The absence of men from the workforce and the demands of a wartime economy drew millions of women into paying jobs outside the home. Six million more women were working at the end of the war than at the beginning. Although resentment from male workers existed, over time as women proved themselves, and as the demands of war grew, such attitudes became rare. Government encouraged women to get into defense work by claiming, for example, that if a woman could use a sewing machine, she could operate a drill press. Women were soon at work building tanks, ships, guns, airplanes and other military equipment. “Rosie the Riveter” became an icon for female labor power. Although sex discrimination on jobs returned after the war, the expanding roles for women during the war were a source of inspiration in the later women’s liberation movement.
Between 1942 and 1945 the production of consumer goods slowed to a trickle, as the Singer Sewing Machine Company made machine guns, and Ford and General Motors made trucks, tanks, and armored vehicles. Goods such as washing machines and other appliances were in short supply. Between 1942 and 1945 hardly any new civilian automobiles were built as the motor companies worked around the clock to turn out military vehicles and aircraft.
The quantity of goods and the speed with which they were produced astonished observers. The aircraft industry produced 324,750 planes during the war, with ever increasing efficiency. In 1941, production of a B-17 required 55,000 individual worker hours. By 1944 the figure was down to 19,000 hours. The Kaiser shipbuilding company turned out ships with amazing speed, and in one exercise just to prove a point, they actually constructed a vessel from the keel up in 4 days, 15 hours and 30 minutes. The ship, the SS Robert E. Peary, sailed seven days after the keel was laid.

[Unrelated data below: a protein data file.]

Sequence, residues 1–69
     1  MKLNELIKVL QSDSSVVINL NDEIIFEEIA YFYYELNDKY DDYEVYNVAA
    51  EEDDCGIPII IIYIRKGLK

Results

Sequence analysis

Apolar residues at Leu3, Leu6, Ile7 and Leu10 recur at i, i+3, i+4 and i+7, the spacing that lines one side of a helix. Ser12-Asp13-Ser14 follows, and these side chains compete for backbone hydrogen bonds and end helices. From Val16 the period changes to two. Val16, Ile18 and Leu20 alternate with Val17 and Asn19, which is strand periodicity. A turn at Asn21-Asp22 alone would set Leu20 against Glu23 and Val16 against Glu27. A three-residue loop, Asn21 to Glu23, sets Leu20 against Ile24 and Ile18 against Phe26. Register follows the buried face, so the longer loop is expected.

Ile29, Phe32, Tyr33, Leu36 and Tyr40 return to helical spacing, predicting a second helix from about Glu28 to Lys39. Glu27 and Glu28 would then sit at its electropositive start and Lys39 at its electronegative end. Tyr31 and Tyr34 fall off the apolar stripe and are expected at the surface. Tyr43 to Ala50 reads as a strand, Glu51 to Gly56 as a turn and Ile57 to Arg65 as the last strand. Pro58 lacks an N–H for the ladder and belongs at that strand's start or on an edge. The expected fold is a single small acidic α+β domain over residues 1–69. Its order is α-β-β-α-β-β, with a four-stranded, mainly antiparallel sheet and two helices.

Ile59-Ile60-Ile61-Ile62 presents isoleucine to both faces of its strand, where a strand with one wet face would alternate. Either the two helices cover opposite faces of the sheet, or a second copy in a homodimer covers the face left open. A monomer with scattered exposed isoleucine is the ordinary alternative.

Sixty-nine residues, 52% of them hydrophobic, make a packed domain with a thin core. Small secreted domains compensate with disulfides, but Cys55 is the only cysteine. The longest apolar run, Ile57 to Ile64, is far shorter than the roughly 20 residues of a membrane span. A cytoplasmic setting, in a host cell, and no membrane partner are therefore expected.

The Boeing B-17 “Flying Fortress” was one of the great aircraft of World War II. With a crew of ten, the B-17G—one of the later models—could fly at up 300 miles per hour at 30,000 feet, carrying a bomb load of 8,000 pounds over a range of 1,850 miles. The aircraft could defend itself with thirteen .50-caliber machine guns, but bomber squadrons were generally accompanied by fighters for additional protection.
While the stout B-17 airplane could sustain considerable damage and keep on flying, more than 4,000 were lost from enemy action and other causes such as accidents in the European theater alone. One raid on Schweinfurt, Germany, in 1943 resulted in 60 bombers lost and 30 more damaged beyond repair. The highly trained crews were as hard to replace as lost aircraft, especially given the policy that after twenty-five missions over enemy territory, airmen would return to the States to train others.
Although there were those who profiteered from those sorts of things, and although a black market existed (a grocer in our village was happy to provide an extra ration of meat in exchange for a few extra dollars), most Americans simply accepted things as they were. Since silk and nylon had disappeared from stores—they were going into parachutes—women put makeup on their legs and traced with an eyebrow pencil what was meant to look like a seam on the back of their “stockings.”
Such was the devotion of the American people toward the war cause that one phrase frequently uttered when some thoughtless person was observed doing something not in the best interest of the country was: “Don’t you know there’s a war on?!” It was everybody’s war. If a family existed that wasn’t touched in some way or other by the enormous effort put forth to win World War II, that family was probably very isolated from the rest of American society.